Where Are the Graduates of University of the People?


Four years in, students are beginning to graduate from the world’s first free online university. What is their credential worth?

This seems like an interesting experiment, but the limited choice of degree plans is worrying. And the fact that the university isn’t accredited is even more worrying.

Still, I would like to know more about the graduates of this experimental institution and how they’re faring in the job market. It appears that for some of the graduates, at least, the gamble is paying off.

What’s most interesting about the university is that it is deliberately low-tech. The course materials are open source texts and the method of communication between students and professors is asynchronous, generally involving e-mail and discussion forums only. Written assignments are required, but some of the assessment for each course is provided through peer-to-peer interaction. I’d love to see what graduates think of this model of education. Do they feel like they’ve missed out on something by not attending a traditional brick-and-mortar institution? Is the free tuition enough to make up for the lack of face-to-face interaction?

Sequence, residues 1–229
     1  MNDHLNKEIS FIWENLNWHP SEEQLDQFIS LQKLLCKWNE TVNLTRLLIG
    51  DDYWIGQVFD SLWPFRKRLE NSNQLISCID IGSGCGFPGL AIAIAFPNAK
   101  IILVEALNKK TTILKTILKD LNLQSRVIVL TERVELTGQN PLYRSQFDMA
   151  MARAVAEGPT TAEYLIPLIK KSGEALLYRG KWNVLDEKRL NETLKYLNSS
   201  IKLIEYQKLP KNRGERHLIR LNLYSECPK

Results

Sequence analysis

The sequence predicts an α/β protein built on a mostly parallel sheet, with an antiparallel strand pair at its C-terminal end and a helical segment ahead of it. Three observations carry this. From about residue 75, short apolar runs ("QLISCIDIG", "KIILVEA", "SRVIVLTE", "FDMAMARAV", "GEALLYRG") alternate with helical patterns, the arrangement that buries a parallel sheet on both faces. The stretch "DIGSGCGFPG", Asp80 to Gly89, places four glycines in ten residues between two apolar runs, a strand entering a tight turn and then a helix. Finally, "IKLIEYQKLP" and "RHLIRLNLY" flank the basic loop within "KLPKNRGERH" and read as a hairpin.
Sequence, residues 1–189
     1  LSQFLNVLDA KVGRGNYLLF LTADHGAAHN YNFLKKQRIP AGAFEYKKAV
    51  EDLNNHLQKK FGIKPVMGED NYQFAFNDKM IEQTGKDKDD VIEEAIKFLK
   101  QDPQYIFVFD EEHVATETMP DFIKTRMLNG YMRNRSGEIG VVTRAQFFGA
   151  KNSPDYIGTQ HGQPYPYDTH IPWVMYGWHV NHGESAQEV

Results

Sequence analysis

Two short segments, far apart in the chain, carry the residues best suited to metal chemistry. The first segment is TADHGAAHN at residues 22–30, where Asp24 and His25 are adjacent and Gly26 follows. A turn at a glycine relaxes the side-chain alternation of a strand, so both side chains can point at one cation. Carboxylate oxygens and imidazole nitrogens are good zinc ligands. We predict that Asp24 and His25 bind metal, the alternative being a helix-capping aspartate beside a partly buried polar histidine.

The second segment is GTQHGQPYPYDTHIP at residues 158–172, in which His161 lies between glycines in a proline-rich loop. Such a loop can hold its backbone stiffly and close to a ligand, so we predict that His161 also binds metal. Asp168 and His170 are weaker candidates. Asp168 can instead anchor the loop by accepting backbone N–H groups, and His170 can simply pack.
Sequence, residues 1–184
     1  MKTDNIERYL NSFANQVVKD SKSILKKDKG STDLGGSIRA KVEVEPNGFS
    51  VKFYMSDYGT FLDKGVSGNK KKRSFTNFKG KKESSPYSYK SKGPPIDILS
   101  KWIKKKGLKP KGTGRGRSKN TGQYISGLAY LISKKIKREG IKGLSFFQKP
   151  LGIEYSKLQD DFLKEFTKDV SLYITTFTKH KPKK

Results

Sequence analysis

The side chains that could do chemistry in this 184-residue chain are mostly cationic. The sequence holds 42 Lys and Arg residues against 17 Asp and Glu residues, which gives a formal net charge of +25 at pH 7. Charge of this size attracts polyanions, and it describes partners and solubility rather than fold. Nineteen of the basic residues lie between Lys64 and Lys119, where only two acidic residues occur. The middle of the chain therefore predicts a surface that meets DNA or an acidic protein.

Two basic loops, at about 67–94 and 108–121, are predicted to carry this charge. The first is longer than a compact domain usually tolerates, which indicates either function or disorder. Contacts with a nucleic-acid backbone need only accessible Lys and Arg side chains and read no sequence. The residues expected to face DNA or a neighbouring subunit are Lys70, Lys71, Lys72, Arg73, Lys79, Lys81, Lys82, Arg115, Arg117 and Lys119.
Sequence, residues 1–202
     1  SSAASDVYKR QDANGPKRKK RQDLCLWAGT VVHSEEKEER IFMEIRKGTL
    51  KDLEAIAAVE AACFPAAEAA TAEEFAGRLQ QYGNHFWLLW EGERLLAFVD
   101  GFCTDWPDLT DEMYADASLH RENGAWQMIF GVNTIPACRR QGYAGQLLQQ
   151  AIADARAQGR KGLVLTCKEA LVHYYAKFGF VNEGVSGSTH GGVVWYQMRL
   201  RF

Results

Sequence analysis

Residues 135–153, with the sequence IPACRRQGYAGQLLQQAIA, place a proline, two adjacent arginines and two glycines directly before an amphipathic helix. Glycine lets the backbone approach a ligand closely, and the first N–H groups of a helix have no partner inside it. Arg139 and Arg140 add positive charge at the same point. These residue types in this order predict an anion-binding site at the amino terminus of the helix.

I’m willing to bet that the education you get is on par with the traditional face-to-face education I received, but I’d love to hear what others think. Comments are open!

Source (New York Times): Where Are the Graduates of University of the People?

The Performance Gap in Online Education

Online education is the wave of the future. The number of students taking at least one distance education course rose to a record high of 5.4 million during the fall of 2013 and institutions of higher education are expanding their online presence to meet this increasing demand. Online education promises to revolutionize how and when we learn, providing access to college to many for the first time.

However, there are some worrying findings regarding online education that should give educators pause. Researchers have identified a performance gap between students in online courses and students in traditional courses. Xu and Jaggars (2011) found that students who took their first English or math course online were less likely than their traditional peers to make a C or better in course. The performance gap was most pronounced for younger students, male students, Black students, and students with low GPAs. Read More …